You are liars – Swapo told at Mix settlement

SLAPPED … A commotion ensued at a Swapo meeting at Mix settlement near Windhoek on Saturday, after a resident called out the party for not delivering on promises to develop the area.

“Liars, liars! I’ve lived here for 24 years, and nothing,” a frustrated Mix settlement resident said during a Swapo rally where central committee member Tobie Aupindi addressed residents over the weekend.

Aupindi promised service delivery at Mix settlement.

The settlement also needs public toilets, a clinic, schools, a police station, a playground, open market and a community hall.

“When we are talking about national development, just know we mean it. We are not joking. We have made a decision that there is going to be national development here,” he told the group of about 50 people.

Aupindi told the residents that Swapo gave their corrugated iron shacks numbers.

“Roads are demarcated. I am told a school is in the national programme. There will also be traffic lights, including water and the connection of electricity to the national grid. Is that not true? Even a clinic.

“Now you have a mobile clinic. There is already an advanced plan for a clinic to be constructed. When we are talking about national development, there are pretenders and there is the Swapo party that has already done national development,” he said.

However, a resident disagreed and was asked to leave the meeting, but refused and slapped Swapo branch coordinator Bonifatius Munango.

The resident was upset when Khomas governor Laura McLeod-Katjirua took the floor to address the meeting.


Political commentator Ndumba Kamwanyah says violence is not the answer, but Namibians are weary of their socio-economic circumstances.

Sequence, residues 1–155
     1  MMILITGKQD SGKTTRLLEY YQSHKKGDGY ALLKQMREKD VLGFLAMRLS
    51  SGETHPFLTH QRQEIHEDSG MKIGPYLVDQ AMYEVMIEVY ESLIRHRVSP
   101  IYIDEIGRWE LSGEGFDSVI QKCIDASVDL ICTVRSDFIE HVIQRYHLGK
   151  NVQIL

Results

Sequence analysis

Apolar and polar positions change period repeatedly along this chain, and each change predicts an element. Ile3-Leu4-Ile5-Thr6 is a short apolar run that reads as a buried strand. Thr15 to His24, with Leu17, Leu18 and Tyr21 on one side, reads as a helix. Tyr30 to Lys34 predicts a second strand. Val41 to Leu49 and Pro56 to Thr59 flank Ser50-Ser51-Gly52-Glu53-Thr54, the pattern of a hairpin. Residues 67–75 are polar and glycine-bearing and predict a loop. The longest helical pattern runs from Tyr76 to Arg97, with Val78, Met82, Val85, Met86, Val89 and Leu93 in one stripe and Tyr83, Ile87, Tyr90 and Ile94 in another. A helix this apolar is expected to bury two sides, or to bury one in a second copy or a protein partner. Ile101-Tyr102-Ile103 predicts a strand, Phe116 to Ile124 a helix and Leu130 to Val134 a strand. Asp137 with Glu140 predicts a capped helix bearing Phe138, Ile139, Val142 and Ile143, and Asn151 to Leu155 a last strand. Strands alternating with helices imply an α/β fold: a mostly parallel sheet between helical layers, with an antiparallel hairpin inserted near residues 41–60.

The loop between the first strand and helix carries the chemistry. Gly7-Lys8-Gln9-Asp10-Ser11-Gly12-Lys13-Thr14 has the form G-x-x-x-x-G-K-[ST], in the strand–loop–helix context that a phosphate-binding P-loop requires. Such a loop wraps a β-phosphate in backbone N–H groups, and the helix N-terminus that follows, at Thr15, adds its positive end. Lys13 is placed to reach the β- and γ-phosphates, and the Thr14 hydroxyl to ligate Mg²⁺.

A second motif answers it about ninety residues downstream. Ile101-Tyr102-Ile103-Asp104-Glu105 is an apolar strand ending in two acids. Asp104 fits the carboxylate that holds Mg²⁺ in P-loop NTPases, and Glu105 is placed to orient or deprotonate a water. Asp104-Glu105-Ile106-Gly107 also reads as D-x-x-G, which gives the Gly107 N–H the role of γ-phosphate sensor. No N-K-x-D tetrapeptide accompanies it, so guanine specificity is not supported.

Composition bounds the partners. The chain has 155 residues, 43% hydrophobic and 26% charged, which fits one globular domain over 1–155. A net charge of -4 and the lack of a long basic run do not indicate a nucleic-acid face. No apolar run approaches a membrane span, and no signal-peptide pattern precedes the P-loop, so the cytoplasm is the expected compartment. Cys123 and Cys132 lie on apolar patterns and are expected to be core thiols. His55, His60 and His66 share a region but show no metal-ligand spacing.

He cautions that similar interactions could be expected across the country.

“That is a reflection of empty promises that political parties make, not just Swapo. Swapo being the ruling and governing party, people are more angry at them because of the lack of service delivery,” he says.

The analyst says political parties should be realistic in terms of what they promise during elections.

“But worse is that they promise during election campaigns, but they don’t go back to those people and explain the progress they are making or the challenges they are facing.

“They are waiting for the next election campaign, and they promise and promise and promise,” Kamwanyah says.

Last year, Mix settlement residents asked the municipality how long they would have to wait for basic services, like water and sanitation facilities.

“The department is busy with the roll-out of communal sanitation units and communal prepaid water points in the informal settlements, with the current five-year programme expected to be completed by June 2025.

“The constituencies of Tobias Hainyeko, Moses Garoëb, Samora Machel, Khomasdal, Windhoek Rural, Katutura East and the markets are included in this plan,” the city said in its consolidated feedback report in November.

Residents have previously asked for public transport, since they cannot afford private transport.

“It is the City of Windhoek’s wish to provide a reliable, safe and affordable public transport service that offers greater coverage throughout the entire city, including Mix settlement.

“However, in the absence of essential funding from the central government, the city at present does not have the capacity in terms of resources such as buses and drivers available to achieve this goal,” the report reads

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